âA few years ago, we wouldnât have moved so fast to integrate all of those elements into the program,â says Greenberger. âWeâd have the vice chairman and chairman of the Foreign Relations Committee on to have a debate.â
Like âMeet the Press,â âThis Weekâ has to be wary of changing too much. The ABC program is still recovering from its attempt to build itself around former CNN correspondent Christiane Amanpour, whose strength is foreign affairs, not domestic politics. Amanpourlasted about 18 months as host before going back to CNN in 2011.
Schieffer, meanwhile, says âFace the Nationâ isnât planning to change. âThereâs no bells and whistles here,â says the host, whoâs been âFaceâsâ face since 1991. âWe just try to move the stories of the week forward.â
The good news for all three shows is that they remain among the most durable on TV, if perhaps less influential than they once were. Even as everything else on TV has lost viewers over time, the Big Three have held steady and even gained viewers. Collectively, about 9.6 million people watched them each week during the first three months of this year, about the same number that watched Russert in 2005. This doesnât count the audience for innumerable Sunday-morning competitors, from Fox News Sunday (hosted by former âMeet the Pressâ moderator Chris Wallace) to âAl Puntoâ on Univision.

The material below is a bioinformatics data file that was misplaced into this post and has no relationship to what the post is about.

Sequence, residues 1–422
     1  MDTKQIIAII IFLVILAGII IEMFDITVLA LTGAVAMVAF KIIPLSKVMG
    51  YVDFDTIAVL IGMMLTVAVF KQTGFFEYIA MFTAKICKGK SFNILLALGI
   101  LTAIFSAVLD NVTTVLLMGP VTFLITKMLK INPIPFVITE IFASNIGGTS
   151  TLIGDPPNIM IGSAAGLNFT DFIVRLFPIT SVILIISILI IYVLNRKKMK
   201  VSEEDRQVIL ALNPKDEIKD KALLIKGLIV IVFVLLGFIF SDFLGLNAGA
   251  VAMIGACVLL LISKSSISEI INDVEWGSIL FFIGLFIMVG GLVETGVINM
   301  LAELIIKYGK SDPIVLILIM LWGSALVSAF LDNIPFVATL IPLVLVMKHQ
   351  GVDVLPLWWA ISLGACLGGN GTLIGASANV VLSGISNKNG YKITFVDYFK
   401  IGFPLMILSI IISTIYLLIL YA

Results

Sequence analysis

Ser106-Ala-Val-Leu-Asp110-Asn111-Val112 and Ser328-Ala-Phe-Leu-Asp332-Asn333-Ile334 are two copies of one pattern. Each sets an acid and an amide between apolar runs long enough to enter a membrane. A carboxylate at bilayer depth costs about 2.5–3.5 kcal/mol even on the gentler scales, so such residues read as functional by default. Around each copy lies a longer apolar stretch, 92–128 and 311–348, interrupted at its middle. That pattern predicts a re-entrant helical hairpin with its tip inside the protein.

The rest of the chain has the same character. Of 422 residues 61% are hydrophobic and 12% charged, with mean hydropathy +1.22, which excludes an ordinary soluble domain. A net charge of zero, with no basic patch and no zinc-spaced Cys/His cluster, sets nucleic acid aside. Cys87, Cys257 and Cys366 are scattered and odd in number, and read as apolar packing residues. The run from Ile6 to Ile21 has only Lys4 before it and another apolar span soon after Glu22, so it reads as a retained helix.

Gregory himself has sparked controversy for what heâs said and done on the air. Conservatives called for the moderatorâs prosecution after he held up a high-capacity ammunition magazine in an interview with National Rifle Association chief executive Wayne LaPierre in late 2012 (possession of such armaments is illegal in the District; Gregory wasnât charged). Last June, the Twittersphere exploded with outrage when Gregory asked journalist Glenn Greenwald about having âaided and abettedâ NSA secrets leaker Edward Snowden, insinuating that Greenwald was complicit in espionage.